With the advent of the colder seasons, the afternoons were growing shorter. Wil waited until dusk before starting for Bur's mansion. As he drew closer, moving cautiously across the fields that surrounded the big house, Wil noticed how brightly the three-storied building was lit up, with dozens of lanterns hanging on hooks all around the outside, and probably twice as many within. The shadows stayed at bay and at least five guards were visible patrolling the grounds.
Bur's mansion was a firm example of the kind of garishness that Wil hated. Other than to stroke his overinflated ego, there was no reason that Bur needed this kind of house. His father, a kind and simple man, had lived his entire life in a five-room, one-story dwelling. But, on the old man's death, the new lord had wasted no time tearing down that house and building this atrocity: a fifty-foot high monolith of waste, with dozens of glass windows, an intricately-carved marble facade, and a spacious, open porch encircling it on all sides. The porch, in turn, was surrounded by immaculately-groomed gardens with sculpted hedges and small patches of flowers, all presided over by large statues of impossibly-endowed nude men and women.
As Wil approached the outer edges of the mansion's pool of light, he paused to cloak himself with magic. Although the guards were patrolling routinely, none of them was particularly alert. They had about them an air of mixed disinterest and resignation. Wil slipped between their sparse ranks with no difficulty. The most challenging part of getting inside would have been timing his entry into the house so no one would see the door open and close, but a wide-open first-story window made such uncertain and convoluted plotting unnecessary.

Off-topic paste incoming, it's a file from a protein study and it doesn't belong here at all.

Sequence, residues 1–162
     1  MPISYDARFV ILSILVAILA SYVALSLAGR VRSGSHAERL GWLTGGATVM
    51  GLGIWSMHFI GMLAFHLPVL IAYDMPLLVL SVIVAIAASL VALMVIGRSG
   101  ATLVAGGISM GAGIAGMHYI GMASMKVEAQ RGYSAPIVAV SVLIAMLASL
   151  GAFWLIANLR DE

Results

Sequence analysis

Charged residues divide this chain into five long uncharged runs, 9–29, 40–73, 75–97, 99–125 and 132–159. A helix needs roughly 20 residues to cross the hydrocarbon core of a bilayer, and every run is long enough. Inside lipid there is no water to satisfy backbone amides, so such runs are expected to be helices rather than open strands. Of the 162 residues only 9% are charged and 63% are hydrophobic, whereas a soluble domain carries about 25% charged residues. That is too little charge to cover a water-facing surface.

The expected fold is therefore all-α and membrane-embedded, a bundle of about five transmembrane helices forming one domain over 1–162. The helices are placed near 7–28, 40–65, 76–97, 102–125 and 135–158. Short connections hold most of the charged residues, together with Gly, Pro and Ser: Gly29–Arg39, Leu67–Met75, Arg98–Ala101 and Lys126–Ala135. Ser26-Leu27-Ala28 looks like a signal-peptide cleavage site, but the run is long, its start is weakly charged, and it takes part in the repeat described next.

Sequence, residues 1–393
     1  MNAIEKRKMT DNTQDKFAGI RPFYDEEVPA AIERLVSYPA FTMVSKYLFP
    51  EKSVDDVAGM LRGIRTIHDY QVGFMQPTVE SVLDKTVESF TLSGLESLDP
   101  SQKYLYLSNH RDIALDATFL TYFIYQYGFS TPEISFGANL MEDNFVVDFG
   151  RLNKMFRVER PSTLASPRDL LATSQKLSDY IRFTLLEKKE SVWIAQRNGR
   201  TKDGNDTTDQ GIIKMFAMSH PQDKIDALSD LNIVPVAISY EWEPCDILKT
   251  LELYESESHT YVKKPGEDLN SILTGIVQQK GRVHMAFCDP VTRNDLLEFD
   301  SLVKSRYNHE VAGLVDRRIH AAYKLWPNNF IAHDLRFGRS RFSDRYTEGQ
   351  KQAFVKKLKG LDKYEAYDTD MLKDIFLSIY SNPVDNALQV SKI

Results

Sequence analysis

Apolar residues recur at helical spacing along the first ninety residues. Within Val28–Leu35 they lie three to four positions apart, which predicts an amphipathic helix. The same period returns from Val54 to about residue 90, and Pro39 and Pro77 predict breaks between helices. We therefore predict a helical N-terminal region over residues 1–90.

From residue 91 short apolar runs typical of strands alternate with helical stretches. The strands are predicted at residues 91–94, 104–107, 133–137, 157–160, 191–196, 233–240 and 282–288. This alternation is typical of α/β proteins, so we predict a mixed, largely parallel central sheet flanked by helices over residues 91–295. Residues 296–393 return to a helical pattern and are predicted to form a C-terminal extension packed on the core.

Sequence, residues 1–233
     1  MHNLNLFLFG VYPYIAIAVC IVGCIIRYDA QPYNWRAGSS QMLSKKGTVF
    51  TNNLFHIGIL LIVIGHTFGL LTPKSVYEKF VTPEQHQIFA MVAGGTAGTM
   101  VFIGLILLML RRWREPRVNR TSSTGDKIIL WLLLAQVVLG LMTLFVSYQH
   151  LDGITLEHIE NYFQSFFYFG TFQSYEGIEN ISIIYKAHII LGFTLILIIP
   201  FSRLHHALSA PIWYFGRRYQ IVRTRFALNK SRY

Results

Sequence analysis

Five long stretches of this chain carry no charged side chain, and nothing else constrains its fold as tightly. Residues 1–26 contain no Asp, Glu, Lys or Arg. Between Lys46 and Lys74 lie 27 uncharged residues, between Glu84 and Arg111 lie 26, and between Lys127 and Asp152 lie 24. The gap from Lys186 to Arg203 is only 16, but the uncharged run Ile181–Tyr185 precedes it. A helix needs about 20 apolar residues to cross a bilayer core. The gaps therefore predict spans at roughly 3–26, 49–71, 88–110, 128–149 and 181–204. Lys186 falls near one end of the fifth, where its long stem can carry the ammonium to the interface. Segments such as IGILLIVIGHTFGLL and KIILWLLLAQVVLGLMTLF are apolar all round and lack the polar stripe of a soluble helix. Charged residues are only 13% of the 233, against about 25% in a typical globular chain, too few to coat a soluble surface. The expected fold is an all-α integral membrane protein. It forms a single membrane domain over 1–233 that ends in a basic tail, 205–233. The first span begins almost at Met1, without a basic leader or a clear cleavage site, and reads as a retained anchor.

Once through the window, Wil found himself in a spacious sitting room, with several rickety-looking wooden chairs arranged in a semicircle facing a fireplace in which a healthy blaze was burning. In addition to the glow provided by the fire, there were four lit lanterns in the room, one hanging from each wall. There was only one conventional entrance to the room, a slightly-ajar door in the wall to his left, directly opposite the fireplace.
From outside, the house had seemed quiet, but from within, Wil could hear distant sounds: a jumbled mixture of laughter, talking, and what sounded like pipes being played. He slipped through the half-open door into a corridor. In many ways, this excursion reminded him of the last time he had gone slinking through unfamiliar corridors. Perhaps on this occasion, the end results would not be as unpleasant.
While large for a house, with fifteen to twenty rooms on each floor, Bur's domicile was less than a quarter of the size of the palace. That simplified the searching greatly. Wil allowed the sound of laughter to guide him, and, within minutes, he was standing in a corridor outside a medium-sized room with a large, round table in the center and a group of seven men sitting around it.
As in the room through which Wil had gained his entry, there was a well-fed fire burning on the hearth. Bedrolls were laid out around the fireplace, only one of which was currently occupied. The men at the table were in various states of dress, some fully-clothed with rugged boots on their feet and swords scabbarded at their waists, and others in little more than a breechclout and soiled undertunic. Cards, coins, and mugs were scattered all over the table. The air smelled heavily of stale beer and unwashed bodies.
Wil did a quick count of bedrolls and determined that there were twice as many of them as there were men in the room. He had seen five guards outside, so, coupled with the eight in here, that left three unaccounted for - something of a relief. He had no desire to repeat his experience in the palace, where he had been ducking and dodging patrols everywhere.